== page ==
Because this grammatical principle is only used when one indicates a fact from the experience, a sentence like this cannot be used:
내가 학교에 걸어가더라…
… In this case, nothing was learned, and there is nothing that one can convey based on experience. However, you could say something like this:
학교에 걸어가는 게 힘들더라 = (from my own experience, I realized that) walking to school is difficult
In the example above, there is something that the speaker realized for the first time (that walking to school is difficult), and the use of ~더라 is to signify that this knowledge came as a result of first-hand experience with walking to school.
As with most intermediate/advanced Korean grammatical principles, it is difficult to come up with an English translation that fits all examples of ~더라. My favorite, the one that I feel fits most situations is “from my own experience, I realized/saw/noticed that….”
Let’s look at many examples:
이민호는 정말 멋지더라 = Minho Lee is very stylish (from what I experienced)
캐나다 날씨가 너무 춥더라 = I realized that Canadian weather is very cold
한국말을 배우는 게 힘들더라 = I realized that learning Korean is hard
그 청소년은 여드름이 많더라 = I saw/noticed that that kid has a lot of acne
그 선생님이 수업을 할 때 열정이 가득하더라
= I saw/noticed that teacher is full of passion when he does his class
그 차고에 여러 가지 물건이 가득 쌓여 있더라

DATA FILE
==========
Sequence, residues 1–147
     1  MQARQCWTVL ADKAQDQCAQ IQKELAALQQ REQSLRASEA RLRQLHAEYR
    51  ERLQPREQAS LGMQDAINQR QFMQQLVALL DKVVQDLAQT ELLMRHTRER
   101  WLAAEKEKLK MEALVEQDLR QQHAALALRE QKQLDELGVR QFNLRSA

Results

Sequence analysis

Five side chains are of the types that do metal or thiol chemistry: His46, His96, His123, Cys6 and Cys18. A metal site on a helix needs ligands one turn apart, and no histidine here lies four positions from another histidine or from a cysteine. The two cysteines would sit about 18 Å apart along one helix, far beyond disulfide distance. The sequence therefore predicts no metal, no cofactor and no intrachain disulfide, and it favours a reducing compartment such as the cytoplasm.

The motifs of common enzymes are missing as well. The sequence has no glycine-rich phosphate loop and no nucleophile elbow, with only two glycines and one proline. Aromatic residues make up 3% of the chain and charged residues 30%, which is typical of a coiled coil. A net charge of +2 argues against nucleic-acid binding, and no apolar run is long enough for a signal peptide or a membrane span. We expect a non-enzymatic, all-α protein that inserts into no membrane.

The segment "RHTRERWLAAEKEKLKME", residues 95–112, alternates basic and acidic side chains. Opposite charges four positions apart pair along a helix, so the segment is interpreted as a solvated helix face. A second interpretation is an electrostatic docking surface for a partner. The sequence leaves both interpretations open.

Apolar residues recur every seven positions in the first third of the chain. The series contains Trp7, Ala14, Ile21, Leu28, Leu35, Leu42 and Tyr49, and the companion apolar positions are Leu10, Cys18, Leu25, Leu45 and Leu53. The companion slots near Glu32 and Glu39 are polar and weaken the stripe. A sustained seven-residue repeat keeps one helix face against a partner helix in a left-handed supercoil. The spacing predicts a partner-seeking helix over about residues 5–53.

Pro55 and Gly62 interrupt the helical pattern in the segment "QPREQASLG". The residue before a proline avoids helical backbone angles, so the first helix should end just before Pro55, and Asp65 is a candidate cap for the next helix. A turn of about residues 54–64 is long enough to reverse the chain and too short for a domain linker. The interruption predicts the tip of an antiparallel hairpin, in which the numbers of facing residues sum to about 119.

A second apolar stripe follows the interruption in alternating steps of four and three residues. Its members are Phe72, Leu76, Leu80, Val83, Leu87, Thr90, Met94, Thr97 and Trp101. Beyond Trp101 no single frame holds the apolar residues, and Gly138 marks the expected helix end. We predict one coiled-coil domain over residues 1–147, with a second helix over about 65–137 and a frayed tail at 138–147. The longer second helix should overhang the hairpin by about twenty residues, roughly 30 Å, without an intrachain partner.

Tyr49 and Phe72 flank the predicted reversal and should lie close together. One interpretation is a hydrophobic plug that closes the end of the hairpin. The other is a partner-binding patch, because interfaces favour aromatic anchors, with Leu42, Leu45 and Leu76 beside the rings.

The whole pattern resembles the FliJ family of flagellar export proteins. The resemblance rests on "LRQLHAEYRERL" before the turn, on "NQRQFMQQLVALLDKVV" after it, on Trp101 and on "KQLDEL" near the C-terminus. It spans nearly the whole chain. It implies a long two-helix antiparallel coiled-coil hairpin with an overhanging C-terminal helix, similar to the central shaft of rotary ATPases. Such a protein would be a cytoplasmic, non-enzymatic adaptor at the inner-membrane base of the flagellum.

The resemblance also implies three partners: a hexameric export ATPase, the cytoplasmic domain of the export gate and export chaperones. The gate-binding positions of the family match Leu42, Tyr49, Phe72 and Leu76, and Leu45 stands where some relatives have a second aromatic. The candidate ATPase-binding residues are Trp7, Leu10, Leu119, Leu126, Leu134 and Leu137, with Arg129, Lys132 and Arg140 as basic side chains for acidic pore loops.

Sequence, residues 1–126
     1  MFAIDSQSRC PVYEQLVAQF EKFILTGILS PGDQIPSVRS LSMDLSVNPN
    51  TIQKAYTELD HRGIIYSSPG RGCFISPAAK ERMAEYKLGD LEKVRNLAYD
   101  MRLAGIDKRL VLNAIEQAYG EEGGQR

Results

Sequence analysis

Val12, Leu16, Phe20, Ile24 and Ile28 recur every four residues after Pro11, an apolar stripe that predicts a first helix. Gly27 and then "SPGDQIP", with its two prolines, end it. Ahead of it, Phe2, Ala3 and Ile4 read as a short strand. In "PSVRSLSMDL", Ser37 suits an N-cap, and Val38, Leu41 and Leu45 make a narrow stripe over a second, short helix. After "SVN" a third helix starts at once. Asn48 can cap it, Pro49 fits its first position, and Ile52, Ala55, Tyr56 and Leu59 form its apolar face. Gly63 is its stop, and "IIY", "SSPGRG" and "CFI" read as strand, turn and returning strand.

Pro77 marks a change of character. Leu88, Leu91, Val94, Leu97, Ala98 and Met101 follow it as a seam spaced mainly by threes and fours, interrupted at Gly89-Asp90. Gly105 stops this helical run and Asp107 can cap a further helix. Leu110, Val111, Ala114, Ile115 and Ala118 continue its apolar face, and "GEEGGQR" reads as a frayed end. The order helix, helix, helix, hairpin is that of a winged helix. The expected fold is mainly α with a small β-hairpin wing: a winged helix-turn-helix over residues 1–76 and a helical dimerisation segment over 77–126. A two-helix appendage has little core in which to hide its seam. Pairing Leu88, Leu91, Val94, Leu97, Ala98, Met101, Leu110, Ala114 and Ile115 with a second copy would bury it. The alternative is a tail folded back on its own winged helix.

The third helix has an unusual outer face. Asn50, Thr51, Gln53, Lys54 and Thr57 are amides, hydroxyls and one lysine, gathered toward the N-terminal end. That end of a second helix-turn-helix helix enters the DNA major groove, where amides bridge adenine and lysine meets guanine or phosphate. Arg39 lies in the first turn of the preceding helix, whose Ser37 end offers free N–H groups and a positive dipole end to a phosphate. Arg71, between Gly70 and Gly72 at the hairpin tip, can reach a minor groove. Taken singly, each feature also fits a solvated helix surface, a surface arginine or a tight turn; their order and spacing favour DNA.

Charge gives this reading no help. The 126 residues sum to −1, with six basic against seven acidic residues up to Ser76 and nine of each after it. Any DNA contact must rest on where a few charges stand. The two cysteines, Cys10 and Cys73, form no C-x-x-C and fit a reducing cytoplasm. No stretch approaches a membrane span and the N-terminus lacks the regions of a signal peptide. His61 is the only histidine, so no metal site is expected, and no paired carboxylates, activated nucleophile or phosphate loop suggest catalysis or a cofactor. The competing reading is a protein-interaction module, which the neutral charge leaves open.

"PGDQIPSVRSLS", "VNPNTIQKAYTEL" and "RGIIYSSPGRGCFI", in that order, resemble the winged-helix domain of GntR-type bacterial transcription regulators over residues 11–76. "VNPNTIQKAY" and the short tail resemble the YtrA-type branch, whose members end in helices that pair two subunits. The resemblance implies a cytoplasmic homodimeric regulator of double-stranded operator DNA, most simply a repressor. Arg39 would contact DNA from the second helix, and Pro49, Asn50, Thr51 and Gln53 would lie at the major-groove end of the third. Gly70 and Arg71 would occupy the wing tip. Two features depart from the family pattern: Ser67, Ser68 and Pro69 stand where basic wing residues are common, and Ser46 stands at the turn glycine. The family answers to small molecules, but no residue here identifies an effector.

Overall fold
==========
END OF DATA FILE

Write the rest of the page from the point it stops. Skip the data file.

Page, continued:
= I saw/noticed that there are a lot of things piled up in the garage
그 병원에서 진료를 받으면 다른 데보다 비싸더라
= I noticed that getting treated at that hospital is more expensive than other places
스마트 TV만 있으면 핸드폰으로 다 조정할 수 있더라
= I noticed that if you have smart TV, you can control everything with your phone
So far I have only used examples of ~더라 attached to adjectives, but it is also common to attach it to verbs or 이다. For example:
= From my own experience, I realized/noticed that the problem is the computer
이 고기는 국내산이더라
= From my own experience, I realized/noticed that this meat is from Korea
그 학생이 뻥을 많이 치더라
= From my own experience, that student jokes a lot
그 새가 겨울 마다 이동하더라
= From my experience, those birds migrate each winter
한국학생들이 공부를 열심히 하더라
= From my own experience, I realized/noticed that Korean students study really hard
콘센트가 침대와 책상 가운데에 있더라
= From my experience, I remember that the outlet is between the bed and the desk
부장님이 아파트에서 안 살고 한옥에서 살더라
= From my experience, the boss lives in a Korean traditional house, not an apartment
선생님이 수업을 하는 도중에 자꾸 팔을 긁더라
= I noticed that teacher keeps scratching his arm while he is in the middle of class